In his new novel, Adam Thorpe has created something that carries hints of An Inspector Calls. We encounter a young innocent, Fay, aged fourteen, who goes missing from the bleak Lincolnshire council estate where she lives with her mentally unstable mother and her feckless, perma-stoned stepfather. We also meet a group of more socially established individuals whose lives she has touched in some way. And we shift between different people’s stories as the novel goes on, seeing things (and seeing Fay) from a number of points of view.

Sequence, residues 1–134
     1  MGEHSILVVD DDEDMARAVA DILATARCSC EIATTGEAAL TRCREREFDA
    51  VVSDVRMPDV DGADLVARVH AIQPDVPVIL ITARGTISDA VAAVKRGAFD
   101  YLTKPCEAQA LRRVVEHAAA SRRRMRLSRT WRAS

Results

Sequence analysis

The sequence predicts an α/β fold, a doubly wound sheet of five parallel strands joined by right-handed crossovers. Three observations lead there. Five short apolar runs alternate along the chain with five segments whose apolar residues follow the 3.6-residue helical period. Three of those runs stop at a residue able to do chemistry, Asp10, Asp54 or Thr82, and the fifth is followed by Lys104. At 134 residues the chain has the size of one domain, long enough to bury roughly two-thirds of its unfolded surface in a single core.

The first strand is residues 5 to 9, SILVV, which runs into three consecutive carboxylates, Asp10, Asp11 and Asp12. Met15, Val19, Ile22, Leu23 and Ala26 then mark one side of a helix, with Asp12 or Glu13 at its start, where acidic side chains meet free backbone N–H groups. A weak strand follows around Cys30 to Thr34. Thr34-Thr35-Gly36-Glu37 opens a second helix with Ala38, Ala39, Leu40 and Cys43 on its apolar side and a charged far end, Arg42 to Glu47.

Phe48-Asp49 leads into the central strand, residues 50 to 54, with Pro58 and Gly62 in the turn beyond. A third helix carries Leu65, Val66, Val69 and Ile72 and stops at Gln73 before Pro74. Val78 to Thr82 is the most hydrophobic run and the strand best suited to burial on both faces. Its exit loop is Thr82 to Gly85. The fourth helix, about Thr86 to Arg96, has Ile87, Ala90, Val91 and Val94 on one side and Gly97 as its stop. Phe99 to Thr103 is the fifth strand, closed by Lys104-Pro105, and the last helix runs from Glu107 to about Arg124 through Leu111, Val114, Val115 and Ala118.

But it’s all much less direct, and therefore more intriguing, than Priestley’s play. What we do not have is a simple tale of innocence destroyed by rapacious greed and thoughtlessness, or anything as lumpen as a moral. Instead, Missing Fay is a book of lives, with Fay in the kind of